Download Critical Book Review the humiliation of the word by Jacques Ellul

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Transcript
Reviewed by Alyse Lehrke
COM 605, Spring Arbor University
“Sight is spatial,” Ellul observed.
“Sound’s domain is temporal, and it
inserts us within a duration rather than
an expanse”
(Ellul, 1981/1985, p. 13).

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Sight situates us in our present
reality, showing us where we are and
what surrounds us.
What we hear is fleeting as the sound
penetrates the silence.
Sight deals in reality whereas
hearing, and specifically the
spoken word, functions in the
realm of Truth.
Ellul’s main contention is that images
have subordinated language to such
an extent that reality is elevated and
truth is abandoned.
The invisible
Word reflects
the Truth of
the invisible
God.
God’s identity is revealed by His
word, just as Jesus was known by
the truth He spoke not by His
physical appearance.
“The only possible relationship with
God is based on the word, and nothing
else. This is because the biblical God
speaks, and does nothing else”
(Ellul, p. 71).


The word is intrinsically connected to
relationship as it invites a response and offers
space for dialogue - speaking and listening.
Through speaking, God invites His creation
into relationship with Himself; the word is the
essence of relationship.
Blessed are those who have not
seen and yet have believed.
~ John 20:29, NIV
 Reality asserts itself in the
glorification of science and
the demand for visible
evidence as proof.
Technology teaches us the supremacy
of the image as concepts are visualized
rather than spoken.
Reality is confused with truth because
images have choked out the word, and
words have lost their meaning.


Computers and other technologies, according
to Ellul, are increasing the division between
image and word as all knowledge that cannot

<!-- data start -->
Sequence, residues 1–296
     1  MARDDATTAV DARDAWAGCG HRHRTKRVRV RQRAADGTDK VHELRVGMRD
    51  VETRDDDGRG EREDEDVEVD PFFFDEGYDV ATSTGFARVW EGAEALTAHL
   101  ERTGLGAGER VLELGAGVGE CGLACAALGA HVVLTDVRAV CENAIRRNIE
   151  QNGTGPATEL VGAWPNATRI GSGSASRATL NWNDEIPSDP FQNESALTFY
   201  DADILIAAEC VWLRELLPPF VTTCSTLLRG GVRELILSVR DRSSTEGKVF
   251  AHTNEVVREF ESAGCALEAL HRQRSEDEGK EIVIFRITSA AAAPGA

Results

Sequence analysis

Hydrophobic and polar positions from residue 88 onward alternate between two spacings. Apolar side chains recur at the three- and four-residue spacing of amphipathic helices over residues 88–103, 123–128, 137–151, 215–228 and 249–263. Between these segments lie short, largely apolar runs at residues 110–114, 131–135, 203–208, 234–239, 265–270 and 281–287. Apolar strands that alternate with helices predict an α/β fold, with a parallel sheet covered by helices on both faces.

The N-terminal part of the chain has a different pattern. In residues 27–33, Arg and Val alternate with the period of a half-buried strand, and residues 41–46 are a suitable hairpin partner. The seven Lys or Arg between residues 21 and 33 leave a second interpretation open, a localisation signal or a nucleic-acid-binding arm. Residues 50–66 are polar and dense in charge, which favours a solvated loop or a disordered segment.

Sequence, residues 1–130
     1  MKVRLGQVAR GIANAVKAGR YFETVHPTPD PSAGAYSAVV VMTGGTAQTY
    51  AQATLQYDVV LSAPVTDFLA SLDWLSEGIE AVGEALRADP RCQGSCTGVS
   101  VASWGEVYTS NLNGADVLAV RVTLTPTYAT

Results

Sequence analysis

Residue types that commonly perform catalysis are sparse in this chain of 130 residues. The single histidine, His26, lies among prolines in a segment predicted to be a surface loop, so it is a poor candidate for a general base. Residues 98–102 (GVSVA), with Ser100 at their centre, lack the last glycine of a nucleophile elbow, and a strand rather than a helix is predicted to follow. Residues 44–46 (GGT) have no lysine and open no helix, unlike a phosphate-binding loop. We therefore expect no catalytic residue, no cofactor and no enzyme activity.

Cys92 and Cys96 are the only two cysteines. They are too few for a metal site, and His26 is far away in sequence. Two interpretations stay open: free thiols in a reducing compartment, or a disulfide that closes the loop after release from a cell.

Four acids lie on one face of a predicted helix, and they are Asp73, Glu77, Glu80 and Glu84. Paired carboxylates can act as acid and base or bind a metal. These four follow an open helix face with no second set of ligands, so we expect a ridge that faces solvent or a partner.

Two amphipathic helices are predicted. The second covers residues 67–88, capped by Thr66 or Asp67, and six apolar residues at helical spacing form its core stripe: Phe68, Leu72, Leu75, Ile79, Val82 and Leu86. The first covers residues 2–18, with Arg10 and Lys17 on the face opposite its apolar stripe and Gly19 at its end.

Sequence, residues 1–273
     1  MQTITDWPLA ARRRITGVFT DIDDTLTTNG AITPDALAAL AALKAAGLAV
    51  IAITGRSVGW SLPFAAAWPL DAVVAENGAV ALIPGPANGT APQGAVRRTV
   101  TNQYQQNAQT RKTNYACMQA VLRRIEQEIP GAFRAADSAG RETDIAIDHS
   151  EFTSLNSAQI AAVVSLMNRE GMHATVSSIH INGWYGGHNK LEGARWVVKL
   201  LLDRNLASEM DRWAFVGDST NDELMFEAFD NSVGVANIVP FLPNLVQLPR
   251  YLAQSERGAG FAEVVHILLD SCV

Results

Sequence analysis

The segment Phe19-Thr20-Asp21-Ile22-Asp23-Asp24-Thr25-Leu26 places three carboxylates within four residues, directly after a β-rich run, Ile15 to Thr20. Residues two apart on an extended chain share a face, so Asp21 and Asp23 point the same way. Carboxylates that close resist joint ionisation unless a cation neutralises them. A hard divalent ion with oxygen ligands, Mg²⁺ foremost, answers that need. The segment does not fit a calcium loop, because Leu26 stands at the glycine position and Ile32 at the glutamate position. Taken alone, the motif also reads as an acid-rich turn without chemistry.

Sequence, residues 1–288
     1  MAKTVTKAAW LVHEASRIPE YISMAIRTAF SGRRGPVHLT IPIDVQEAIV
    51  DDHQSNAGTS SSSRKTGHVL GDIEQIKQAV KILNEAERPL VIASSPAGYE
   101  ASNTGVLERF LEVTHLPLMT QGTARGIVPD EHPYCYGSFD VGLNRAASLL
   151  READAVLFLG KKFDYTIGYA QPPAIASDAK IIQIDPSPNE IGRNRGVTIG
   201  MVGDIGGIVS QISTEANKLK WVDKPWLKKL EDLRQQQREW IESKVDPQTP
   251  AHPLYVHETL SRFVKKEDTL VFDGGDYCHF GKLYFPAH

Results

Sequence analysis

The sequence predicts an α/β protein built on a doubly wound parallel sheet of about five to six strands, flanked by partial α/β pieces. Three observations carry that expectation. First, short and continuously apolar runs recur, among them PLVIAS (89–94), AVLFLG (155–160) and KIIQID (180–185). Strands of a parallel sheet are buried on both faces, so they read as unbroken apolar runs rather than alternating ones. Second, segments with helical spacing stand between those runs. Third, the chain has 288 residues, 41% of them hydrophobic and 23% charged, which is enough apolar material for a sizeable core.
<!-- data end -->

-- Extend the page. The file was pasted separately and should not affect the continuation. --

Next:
be computed through technological means fall
away.
Since God exists in the realm of truth (word)
rather than reality (image), He is being
systematically excluded by a technological
reality that demands evidence as proof.
Postman (1992) stated: “The battle [Scopes
“monkey” trial] settled the issue, once and for
all: in defining truth, the great narrative of
inductive science takes precedence over the
great narrative of Genesis, and those who do
not agree must remain in an intellectual
backwater” (p. 50).
“Only this reality can be known and can thus be
the object of scientific research and true [sic]
knowledge” (Ellul, p. 219).
“Suddenly the tragic discovery was made that
words were only words, without power to act”
(Ellul, p. 155).
Disconnected from their source – the God who speaks
– words become noise, empty filler, or instrumental
tools of technology.
Ellul points to the
reconciliation of image
and word in the return
of Christ. Only then
will Truth and reality
permeate each other,
allowing image to
express truth.
As Christians, we need to
critically evaluate our use of
technology and its impact on the
communication of truth.
Dialogue and relationships have
suffered as a result of the visual and
technological “progress” that has
diminished the word.
When we value dialogue and build
meaningful relationships, we
counteract the effects of a culture
consumed by images.
“When we seek measurement over meaning, we
adopt the language of probability rather than virtue,
essentially making mathematics the preeminent route
to all knowledge, and probabilities the means of
discerning the value of human actions”
(Schultze, 2002, p. 41).
We must re-instate the
invisible elements of the
world through faith.
Knowledge that depends
on the Truth of an
invisible God; wisdom
that must be discerned
rather than measured.
We need to infuse the
word with meaning
once again. Nouwen
(1981) observed, “The
word no longer
communicates, no
longer fosters
communion, no longer
creates community, and
therefore no longer
gives life” (pp. 38-39).
As Christians in a technological world, our aim is
not to avoid images or technology but to elevate
truth, God’s Truth; to speak a word connected to
His Word; and to put our hope in the return of
Christ rather than the false promises of
technology.
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Ellul, J. (1985). The Humiliation of the Word (J. Main
Hanks, Trans.). Grand Rapids, MI: William B.
Eerdmans Publishing. (Original work published 1981)
McKibben, B. (2006). The age of missing information. New
York, NY: Random House.
Nouwen, H. J. M. (1981). The way of the heart: Connecting
with God through prayer, wisdom, and silence. New York,
NY: Ballantine Books.
Postman, N. (1992). Technopoly: The surrender of culture
to technology. New York, NY: Vintage.
Schultze, Q. J. (2000). Communicating for life: Christian
stewardship in community and media. Grand Rapids, MI:
Baker Academic.
Schultze, Q. J. (2002). Habits of the high-tech heart: Living
virtuously in the information age. Grand Rapids, MI:
Baker Academic.